1 Section of Forensic Genetics, Department of Forensic Medicine, Faculty of Health and Medical Sciences, Københavns Universitet2 RI ledelse, Department of Forensic Medicine, Faculty of Health and Medical Sciences, Københavns Universitet3 Institut for Matematiske Fag, Aalborg Universitet4 unknown5 Section of Forensic Genetics, Department of Forensic Medicine, Faculty of Health and Medical Sciences, Københavns Universitet6 RI ledelse, Department of Forensic Medicine, Faculty of Health and Medical Sciences, Københavns Universitet
In some crime cases, the male part of the DNA in a stain can only be analysed using Y chromosomal markers, e.g. Y-STRs. This may be the case in e.g. rape cases, where the male components can only be detected as Y-STR profiles, because the fraction of male DNA is much smaller than that of female DNA, which can mask the male results when autosomal STRs are investigated. Sometimes, mixtures of Y-STRs are observed, e.g. in rape cases with multiple offenders. In such cases, Y-STR mixture analysis is required, e.g. by mixture deconvolution, to deduce the most likely DNA profiles from the contributors. We demonstrate how the discrete Laplace method can be used to separate a two person Y-STR mixture, where the Y-STR profiles of the true contributors are not present in the reference dataset, which is often the case for Y-STR profiles in real case work. We also briefly discuss how to calculate the weight of the evidence using the likelihood ratio principle when a suspect's Y-STR profile fits into a two person mixture. We used three datasets with between 7 and 21 Y-STR loci: Denmark (n=181), Somalia (n=201) and Germany (n=3443). The Danish dataset with 21 loci was truncated to 15 and 10 loci to examine the effect of the number of loci. For each of these datasets, an out of sample simulation study was performed: A total of 550 mixtures were composed by randomly sampling two haplotypes, h1 and h2, from the dataset. We then used the discrete Laplace method on the remaining data (excluding h1 and h2) to rank the contributor pairs by the product of the contributors' estimated haplotype frequencies. Successful separation of mixtures (defined by the observation that the true contributor pair was among the 10 most likely contributor pairs) was found in 42-52% of the cases for 21 loci, 69-75% for 15 loci and 92-99% for 10 loci or less depending on the dataset and how the discrete Laplace model was chosen. Y-STR mixtures with many loci are difficult to separate, but even haplotypes with 21 Y-STR loci can be separated.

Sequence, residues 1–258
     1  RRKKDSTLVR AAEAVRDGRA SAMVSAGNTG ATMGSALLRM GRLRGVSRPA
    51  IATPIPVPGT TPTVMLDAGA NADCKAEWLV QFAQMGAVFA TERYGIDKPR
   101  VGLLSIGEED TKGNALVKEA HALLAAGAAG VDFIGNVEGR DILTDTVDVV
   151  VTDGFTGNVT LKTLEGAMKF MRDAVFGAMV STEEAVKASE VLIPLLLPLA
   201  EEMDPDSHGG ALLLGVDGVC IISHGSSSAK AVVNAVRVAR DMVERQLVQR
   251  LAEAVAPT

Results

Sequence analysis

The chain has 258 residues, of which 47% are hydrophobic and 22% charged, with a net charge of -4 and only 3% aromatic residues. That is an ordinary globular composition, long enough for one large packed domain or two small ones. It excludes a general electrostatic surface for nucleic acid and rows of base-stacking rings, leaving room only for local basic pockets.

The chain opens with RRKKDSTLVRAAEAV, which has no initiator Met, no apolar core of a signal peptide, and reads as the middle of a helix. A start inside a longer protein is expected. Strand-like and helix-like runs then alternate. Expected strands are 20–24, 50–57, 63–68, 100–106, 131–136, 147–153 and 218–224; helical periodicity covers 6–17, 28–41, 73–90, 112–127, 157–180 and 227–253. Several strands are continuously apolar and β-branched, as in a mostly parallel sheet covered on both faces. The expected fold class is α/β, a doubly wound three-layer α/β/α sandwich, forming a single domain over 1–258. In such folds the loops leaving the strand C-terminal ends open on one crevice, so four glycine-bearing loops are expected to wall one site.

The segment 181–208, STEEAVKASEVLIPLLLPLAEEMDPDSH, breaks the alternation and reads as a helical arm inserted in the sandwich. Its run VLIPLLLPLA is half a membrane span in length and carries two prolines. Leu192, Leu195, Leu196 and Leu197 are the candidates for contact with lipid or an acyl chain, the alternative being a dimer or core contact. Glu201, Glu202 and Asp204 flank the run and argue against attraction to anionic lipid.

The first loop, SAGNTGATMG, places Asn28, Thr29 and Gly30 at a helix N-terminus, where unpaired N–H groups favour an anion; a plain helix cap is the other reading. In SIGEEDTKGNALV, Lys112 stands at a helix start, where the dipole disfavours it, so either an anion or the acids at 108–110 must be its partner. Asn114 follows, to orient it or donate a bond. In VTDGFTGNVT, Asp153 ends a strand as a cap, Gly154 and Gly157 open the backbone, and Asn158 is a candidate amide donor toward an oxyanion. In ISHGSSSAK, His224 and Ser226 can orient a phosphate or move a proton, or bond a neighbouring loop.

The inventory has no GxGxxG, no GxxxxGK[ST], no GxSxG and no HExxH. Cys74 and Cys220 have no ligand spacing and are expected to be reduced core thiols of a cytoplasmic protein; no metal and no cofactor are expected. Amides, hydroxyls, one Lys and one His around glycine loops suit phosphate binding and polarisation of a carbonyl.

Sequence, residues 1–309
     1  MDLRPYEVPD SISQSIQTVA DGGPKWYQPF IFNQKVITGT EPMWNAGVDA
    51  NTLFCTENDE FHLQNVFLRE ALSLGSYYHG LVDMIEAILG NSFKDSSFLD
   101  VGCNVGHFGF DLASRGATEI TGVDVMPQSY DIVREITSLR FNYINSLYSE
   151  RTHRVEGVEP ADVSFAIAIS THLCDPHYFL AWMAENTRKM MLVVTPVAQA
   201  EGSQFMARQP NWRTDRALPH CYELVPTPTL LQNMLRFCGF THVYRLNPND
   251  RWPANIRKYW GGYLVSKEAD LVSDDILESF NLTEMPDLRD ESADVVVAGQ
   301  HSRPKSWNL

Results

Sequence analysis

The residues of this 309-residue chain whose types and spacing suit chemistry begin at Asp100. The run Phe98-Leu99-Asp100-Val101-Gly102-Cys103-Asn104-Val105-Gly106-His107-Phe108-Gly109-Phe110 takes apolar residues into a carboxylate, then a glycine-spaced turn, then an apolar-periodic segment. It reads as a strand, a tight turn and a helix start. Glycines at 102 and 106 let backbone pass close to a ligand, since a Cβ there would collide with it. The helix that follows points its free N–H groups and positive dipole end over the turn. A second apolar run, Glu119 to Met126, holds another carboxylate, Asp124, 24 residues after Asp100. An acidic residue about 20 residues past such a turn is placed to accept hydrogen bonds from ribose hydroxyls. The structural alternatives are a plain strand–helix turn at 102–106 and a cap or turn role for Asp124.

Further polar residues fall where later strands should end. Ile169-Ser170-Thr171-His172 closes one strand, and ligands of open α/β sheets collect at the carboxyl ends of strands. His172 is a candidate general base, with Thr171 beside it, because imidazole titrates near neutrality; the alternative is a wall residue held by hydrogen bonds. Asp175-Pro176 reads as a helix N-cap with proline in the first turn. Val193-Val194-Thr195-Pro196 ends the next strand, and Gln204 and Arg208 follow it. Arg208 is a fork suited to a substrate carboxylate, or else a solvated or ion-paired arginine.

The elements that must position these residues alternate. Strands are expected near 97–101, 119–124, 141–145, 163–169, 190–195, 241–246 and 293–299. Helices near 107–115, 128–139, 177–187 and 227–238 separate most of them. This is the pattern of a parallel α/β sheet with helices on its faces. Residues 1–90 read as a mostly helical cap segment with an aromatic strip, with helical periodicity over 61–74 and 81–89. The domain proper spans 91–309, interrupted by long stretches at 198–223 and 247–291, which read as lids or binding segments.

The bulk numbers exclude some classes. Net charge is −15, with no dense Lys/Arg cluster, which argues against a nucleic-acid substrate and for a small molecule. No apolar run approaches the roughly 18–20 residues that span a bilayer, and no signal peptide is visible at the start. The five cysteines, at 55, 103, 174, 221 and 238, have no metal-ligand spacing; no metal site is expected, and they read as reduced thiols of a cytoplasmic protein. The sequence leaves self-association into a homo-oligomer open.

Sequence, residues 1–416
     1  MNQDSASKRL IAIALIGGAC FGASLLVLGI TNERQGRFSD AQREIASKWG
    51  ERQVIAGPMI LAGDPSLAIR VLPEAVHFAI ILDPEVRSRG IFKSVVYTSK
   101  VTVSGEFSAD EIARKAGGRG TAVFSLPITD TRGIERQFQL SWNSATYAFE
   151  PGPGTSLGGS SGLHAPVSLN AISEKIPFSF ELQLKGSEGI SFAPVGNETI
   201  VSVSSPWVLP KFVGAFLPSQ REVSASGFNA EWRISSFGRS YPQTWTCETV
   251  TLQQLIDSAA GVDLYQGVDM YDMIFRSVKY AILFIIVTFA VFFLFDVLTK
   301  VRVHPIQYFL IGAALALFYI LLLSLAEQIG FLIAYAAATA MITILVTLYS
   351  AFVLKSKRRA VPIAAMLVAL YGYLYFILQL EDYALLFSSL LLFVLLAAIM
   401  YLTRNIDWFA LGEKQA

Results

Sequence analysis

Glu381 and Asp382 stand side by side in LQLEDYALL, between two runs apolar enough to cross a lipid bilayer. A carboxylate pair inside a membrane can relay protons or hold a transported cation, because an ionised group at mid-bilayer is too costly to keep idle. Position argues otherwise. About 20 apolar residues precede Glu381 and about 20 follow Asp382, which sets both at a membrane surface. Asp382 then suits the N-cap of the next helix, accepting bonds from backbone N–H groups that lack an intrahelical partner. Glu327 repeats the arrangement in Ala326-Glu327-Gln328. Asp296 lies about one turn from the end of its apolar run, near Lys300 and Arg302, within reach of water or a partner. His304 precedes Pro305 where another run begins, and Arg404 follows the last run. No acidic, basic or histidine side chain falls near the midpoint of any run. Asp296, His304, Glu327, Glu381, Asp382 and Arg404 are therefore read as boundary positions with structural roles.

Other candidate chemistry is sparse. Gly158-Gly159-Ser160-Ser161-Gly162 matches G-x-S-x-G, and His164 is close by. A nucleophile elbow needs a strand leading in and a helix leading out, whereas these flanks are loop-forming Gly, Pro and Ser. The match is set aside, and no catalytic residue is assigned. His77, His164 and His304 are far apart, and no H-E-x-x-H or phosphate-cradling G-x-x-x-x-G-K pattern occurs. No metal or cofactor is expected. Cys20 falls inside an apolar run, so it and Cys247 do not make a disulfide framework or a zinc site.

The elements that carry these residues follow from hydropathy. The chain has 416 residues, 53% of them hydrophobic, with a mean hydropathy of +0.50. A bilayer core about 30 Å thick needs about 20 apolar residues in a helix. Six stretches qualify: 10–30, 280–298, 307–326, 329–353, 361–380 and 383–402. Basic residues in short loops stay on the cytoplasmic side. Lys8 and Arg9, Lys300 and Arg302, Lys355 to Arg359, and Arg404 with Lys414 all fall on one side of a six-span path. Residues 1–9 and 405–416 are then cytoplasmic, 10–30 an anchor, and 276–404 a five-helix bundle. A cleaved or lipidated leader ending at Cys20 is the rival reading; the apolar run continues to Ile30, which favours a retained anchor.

Forensic Science International: Genetics, 2015, Vol 15, p. 76-83